Use of the GMFCS in infants with CP: the need for reclassification at age 2 years or older

J.W. Gorter, M. Ketelaar, P. Rosenbaum, P.J.M. Helders, R. Palisano

Research output: Contribution to journalArticleAcademicpeer-review


The stability of the Gross Motor Function Classification System (GMFCS) over time is described in 77 infants (41 boys, 36 girls) with cerebral palsy (CP; mean age 19.4mo [SD 1.6 mo]; 27 unilateral spastic, 42 bilateral spastic, eight dyskinetic type) and in the same children at follow-up at age 2 to 4 years. The overall level of agreement over time (linear weighted kappa) was 0.70 (95% confidence interval [CI] 0.61-0.79). The overall percentage of children whose GMFCS level changed one or two levels was 42%, of which the majority were reclassified to a less functional level (McNemar's Chi(2) test p=0.11). The chance that children initially classified in the combination of GMFCS Levels I, II, and III would subsequently be classified in the same level in early childhood was 96% (positive predictive value [PPV] 0.96, 95% CI 0.85-0.99), whereas the PPV for the combination of Levels I and II was 0.88, 95% CI 0.70-0.96. These findings indicate that GMFCS classification in infants is less precise than classification over time in older children. In conclusion, children can be classified by the GMFCS early on, but there is a need for reclassification at age 2 or older as more clinical information becomes available.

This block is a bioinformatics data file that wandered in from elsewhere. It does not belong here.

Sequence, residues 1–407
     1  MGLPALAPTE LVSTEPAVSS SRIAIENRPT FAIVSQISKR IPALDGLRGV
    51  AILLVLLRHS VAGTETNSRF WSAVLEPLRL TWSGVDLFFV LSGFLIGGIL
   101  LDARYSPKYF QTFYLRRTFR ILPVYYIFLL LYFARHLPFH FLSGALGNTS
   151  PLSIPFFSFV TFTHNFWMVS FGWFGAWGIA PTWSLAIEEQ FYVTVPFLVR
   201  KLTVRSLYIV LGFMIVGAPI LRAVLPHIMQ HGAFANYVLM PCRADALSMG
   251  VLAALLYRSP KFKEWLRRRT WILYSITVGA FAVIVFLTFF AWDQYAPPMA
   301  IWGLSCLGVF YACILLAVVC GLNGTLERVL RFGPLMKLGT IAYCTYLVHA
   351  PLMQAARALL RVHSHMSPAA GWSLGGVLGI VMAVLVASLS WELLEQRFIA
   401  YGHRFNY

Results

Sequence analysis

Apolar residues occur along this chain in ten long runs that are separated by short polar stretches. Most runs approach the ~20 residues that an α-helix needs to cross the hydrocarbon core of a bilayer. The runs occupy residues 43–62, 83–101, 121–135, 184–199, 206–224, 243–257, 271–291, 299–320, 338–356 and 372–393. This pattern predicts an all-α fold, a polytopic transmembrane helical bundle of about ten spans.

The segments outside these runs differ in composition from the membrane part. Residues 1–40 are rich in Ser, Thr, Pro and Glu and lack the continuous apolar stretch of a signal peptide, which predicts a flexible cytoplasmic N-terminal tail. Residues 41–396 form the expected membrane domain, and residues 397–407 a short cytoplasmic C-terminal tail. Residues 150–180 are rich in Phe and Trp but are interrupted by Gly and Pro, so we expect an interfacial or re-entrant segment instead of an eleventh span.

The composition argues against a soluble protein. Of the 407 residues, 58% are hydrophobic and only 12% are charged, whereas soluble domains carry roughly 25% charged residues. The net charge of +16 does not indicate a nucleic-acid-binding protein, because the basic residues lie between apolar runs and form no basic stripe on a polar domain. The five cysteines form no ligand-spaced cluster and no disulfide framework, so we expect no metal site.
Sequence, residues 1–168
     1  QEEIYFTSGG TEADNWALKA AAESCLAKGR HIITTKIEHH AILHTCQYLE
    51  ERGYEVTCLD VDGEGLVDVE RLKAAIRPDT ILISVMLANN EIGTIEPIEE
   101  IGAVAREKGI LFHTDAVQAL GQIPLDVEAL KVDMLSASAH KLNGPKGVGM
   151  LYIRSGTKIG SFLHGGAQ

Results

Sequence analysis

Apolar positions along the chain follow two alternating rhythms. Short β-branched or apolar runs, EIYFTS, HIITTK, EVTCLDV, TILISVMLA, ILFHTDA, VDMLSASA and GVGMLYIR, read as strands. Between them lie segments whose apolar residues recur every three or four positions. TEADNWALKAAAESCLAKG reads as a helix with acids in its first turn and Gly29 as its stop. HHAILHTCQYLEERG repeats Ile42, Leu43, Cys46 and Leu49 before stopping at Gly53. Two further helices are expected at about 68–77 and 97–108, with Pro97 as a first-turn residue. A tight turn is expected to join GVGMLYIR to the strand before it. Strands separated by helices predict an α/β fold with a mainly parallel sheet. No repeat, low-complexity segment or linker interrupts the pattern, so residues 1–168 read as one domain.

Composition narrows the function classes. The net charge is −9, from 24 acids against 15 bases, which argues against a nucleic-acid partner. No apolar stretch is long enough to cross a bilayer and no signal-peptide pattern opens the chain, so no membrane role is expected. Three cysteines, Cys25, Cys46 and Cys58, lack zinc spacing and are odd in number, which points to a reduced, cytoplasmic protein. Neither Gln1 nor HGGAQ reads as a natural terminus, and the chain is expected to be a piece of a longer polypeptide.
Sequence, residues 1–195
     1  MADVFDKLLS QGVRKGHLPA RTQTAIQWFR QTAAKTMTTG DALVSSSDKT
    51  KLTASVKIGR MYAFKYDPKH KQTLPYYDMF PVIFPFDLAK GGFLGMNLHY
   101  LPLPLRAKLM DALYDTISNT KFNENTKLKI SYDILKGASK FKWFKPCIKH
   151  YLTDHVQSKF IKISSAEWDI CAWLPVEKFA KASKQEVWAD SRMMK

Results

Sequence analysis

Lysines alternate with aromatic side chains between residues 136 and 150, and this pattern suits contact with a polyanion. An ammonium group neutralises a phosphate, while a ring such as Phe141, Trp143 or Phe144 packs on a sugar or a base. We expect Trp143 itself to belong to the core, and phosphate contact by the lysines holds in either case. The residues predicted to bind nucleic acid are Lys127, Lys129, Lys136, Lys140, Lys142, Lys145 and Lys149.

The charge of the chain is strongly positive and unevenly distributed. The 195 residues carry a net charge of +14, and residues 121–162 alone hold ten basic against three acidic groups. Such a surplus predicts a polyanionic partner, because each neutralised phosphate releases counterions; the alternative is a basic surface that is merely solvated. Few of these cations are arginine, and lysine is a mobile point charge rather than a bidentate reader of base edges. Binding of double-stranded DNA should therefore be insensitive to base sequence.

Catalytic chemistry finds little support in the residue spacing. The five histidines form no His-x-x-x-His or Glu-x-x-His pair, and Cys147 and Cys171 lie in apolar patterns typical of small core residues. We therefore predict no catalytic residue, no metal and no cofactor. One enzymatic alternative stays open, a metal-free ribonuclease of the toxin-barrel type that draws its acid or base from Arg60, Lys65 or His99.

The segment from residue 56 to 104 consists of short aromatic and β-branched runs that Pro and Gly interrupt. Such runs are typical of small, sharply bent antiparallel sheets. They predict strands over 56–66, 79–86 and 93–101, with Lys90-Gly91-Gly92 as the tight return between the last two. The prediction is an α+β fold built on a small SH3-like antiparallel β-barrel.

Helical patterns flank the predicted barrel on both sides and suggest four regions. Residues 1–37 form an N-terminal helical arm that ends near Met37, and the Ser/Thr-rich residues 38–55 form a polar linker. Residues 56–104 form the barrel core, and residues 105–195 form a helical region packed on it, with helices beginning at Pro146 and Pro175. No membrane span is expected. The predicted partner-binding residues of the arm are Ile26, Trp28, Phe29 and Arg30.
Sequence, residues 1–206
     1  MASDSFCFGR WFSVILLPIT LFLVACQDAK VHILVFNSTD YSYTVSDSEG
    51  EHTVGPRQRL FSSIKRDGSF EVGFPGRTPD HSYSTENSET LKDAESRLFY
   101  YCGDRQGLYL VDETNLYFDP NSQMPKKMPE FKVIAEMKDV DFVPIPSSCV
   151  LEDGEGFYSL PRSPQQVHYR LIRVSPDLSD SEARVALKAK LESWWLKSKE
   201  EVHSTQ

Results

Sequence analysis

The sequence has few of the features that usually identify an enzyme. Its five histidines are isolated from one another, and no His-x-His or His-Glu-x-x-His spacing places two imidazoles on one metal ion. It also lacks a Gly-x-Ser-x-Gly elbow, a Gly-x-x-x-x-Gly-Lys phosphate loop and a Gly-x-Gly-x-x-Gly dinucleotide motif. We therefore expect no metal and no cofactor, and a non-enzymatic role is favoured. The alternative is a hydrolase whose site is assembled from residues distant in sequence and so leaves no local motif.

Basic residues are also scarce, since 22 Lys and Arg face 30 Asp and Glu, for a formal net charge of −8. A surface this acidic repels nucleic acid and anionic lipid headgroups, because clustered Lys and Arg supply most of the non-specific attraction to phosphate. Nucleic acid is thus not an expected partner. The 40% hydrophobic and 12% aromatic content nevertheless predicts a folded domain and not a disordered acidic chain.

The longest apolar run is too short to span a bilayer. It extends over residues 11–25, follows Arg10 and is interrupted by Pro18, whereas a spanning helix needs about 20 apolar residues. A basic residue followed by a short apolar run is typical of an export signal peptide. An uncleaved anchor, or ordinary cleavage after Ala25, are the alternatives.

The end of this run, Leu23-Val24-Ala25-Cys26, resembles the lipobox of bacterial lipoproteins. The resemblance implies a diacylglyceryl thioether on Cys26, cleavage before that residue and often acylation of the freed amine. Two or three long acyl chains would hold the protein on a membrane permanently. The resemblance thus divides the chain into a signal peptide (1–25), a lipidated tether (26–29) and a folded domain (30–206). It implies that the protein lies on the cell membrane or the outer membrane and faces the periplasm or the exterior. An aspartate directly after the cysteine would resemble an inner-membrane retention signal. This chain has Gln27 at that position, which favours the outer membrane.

Original languageEnglish
Pages (from-to)46-52
Number of pages7
JournalDevelopmental Medicine and Child Neurology
Issue number1
Publication statusPublished - Jan 2009


  • Activities of Daily Living
  • Age Factors
  • Cerebral Palsy
  • Child, Preschool
  • Dependent Ambulation
  • Female
  • Follow-Up Studies
  • Humans
  • Infant
  • Male
  • Mathematical Computing
  • Mobility Limitation
  • Neurologic Examination
  • Reproducibility of Results
  • Software


Dive into the research topics of 'Use of the GMFCS in infants with CP: the need for reclassification at age 2 years or older'. Together they form a unique fingerprint.

Cite this